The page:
Two years after voting for recreational marijuana, a majority of Oregon voters view the policy as a success, according to a new poll.
Sixty-one percent of voters think the legalization of recreational marijuana has had a positive impact on the state, while fewer than one-third see it negatively, according to polling by DHM Research, a nonpartisan opinion research firm with an office in Portland.
In 2014, 56 percent of Oregon voters said yes to legalizing marijuana for recreational use.
DHM Research paid for the poll. John Horvick, the firm’s vice president and political director, said his firm decided to conduct the poll because the topic comes up frequently in the cities and counties where the company works, and it made sense to gain “more insight about what the mood was.”
The poll found that while most voters see legalization as a positive, older voters are more skeptical than younger ones. Fifty-three percent of voters 65 and older, for instance, think the new law has been negative, while 24 percent of people younger than 65 see it that way.
Republicans, too, were less positive, with 52 percent viewing legal cannabis negatively.
Meanwhile, Democrats and non-affiliated voters or voters in another party overwhelmingly think legal cannabis has been positive.
“Big picture, I think Oregonians are relatively satisfied,” Horvick said. “I don’t think a lot of minds have changed, but the general acceptance of marijuana continues apace. There hasn’t been a backlash.”
The poll also found that most voters oppose bans on recreational marijuana sales (The poll did not address medical marijuana). Fifty communities from Lake Oswego to Pendleton will vote in November on a range of questions that, in essence, boil down to whether they should allow legal marijuana businesses within their borders.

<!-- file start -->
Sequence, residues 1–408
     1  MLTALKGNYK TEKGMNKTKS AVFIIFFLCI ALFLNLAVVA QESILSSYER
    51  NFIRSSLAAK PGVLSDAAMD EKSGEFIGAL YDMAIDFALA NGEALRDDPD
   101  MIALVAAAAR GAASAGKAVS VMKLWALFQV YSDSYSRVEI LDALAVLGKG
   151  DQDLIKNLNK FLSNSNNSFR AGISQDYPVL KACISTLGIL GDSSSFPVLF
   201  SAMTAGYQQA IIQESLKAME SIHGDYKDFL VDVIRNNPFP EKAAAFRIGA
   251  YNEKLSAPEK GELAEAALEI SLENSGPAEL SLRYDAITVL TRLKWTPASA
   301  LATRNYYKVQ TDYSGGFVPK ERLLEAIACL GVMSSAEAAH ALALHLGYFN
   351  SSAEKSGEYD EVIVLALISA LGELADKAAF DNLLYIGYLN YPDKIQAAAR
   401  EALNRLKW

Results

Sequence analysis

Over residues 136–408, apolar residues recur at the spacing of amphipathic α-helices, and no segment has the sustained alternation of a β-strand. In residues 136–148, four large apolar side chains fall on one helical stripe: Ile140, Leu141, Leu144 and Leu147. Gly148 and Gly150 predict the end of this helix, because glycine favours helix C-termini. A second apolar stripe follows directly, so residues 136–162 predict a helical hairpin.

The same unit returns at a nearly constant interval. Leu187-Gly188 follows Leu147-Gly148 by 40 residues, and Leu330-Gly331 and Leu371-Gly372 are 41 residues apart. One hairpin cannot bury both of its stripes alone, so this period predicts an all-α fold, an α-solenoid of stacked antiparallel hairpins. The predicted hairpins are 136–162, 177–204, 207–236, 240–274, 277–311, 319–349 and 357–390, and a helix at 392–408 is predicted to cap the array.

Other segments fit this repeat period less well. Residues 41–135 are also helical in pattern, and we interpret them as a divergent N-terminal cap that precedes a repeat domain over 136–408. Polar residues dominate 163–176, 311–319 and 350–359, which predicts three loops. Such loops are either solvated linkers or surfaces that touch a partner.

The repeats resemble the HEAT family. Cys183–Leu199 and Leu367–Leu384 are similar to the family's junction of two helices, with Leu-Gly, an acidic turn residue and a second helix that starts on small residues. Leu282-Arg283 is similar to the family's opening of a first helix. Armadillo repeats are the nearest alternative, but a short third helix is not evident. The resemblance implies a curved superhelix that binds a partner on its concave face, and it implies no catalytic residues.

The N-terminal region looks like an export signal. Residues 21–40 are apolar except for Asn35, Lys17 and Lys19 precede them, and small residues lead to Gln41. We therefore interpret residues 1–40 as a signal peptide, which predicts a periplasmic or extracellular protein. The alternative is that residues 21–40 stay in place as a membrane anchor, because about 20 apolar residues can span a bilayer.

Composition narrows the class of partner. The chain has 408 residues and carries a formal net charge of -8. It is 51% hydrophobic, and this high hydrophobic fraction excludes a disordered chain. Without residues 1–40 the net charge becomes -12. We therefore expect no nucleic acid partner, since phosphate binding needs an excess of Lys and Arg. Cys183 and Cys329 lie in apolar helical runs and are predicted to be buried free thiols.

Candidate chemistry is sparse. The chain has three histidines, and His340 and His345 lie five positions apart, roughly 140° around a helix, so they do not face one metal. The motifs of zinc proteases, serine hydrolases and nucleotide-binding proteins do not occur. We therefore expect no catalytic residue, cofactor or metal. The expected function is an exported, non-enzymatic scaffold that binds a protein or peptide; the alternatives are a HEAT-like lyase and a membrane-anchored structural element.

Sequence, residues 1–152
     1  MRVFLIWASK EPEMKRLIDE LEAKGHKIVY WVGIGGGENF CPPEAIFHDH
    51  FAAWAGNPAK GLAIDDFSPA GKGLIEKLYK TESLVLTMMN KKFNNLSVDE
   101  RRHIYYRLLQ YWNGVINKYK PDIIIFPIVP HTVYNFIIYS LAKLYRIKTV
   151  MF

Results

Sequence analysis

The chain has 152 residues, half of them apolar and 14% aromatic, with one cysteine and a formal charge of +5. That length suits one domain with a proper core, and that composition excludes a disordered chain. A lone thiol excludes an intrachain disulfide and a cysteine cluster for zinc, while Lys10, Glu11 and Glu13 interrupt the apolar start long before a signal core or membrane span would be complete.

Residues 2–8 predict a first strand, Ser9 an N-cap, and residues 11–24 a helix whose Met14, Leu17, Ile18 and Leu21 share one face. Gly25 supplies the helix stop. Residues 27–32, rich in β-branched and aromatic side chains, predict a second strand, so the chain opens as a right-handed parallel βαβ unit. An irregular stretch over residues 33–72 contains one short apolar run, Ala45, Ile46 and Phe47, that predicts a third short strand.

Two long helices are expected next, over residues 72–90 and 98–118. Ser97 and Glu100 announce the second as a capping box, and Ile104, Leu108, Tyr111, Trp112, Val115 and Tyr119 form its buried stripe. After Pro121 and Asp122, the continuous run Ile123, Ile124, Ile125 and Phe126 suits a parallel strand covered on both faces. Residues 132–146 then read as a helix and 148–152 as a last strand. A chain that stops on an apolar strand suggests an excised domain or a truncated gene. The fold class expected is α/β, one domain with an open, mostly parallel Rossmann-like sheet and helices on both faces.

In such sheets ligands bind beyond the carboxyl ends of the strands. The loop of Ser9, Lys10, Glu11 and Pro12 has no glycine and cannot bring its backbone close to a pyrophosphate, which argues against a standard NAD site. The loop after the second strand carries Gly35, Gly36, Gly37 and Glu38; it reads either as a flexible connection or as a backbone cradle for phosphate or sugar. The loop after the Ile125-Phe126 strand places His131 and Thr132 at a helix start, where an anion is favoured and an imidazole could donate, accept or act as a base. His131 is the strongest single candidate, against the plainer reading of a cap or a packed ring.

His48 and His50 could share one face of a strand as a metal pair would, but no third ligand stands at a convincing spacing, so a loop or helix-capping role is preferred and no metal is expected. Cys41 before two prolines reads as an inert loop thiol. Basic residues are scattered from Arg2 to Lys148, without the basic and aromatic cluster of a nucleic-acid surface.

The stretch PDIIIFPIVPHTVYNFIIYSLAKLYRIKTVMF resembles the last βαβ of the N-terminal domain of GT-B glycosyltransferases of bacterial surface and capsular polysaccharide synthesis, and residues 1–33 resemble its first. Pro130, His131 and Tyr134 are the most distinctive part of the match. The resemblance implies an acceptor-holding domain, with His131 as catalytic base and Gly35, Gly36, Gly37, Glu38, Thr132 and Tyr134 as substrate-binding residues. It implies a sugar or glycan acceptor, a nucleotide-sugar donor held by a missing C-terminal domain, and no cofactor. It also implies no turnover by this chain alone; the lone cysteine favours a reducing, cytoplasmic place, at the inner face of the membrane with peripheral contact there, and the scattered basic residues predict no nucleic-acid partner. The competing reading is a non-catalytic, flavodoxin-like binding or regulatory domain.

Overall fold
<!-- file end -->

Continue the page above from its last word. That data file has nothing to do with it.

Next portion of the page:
Sixty percent of voters statewide oppose bans on recreational marijuana sales, the poll found.
Opposition to bans is strongest in the Portland area, while a smaller majority of voters outside of the metro area oppose them. In the Portland area, 67 percent oppose bans; outside of the region, 54 percent are opposed.
Oregon voters also favor local sales taxes on recreational marijuana, the poll found. Sixty-nine percent of voters approve of local taxes on cannabis.
Local governments may impose a sales tax of as much as 3 percent on recreational marijuana, but the tax must be approved by voters. The local tax is on top of the 17 percent tax the state will impose on recreational sales starting when the Oregon Liquor Control Commission begins regulating the market later this year.
According to the Oregon Department of Revenue, a local tax is on the November ballot in 106 communities, including Portland, where officials conservatively estimated it will generate $3 million to $5 million a year.
“Though some may not view legalization positively in the abstract, an overwhelming majority believe their communities should seek benefits in the form of increased tax revenues,” Horvick said.
The poll found a high level of support that was “nearly universal” across demographic groups, including party and geography.
“Taken as a whole, these results reveal that revenue may reign supreme when it comes to recreational marijuana in Oregon,” the firm said in a summary of its poll results.
News Moderator: Katelyn Baker
Full Article: Most Oregonians View Legal Pot Favorably 2 Years After Vote
Author: Noelle Crombie
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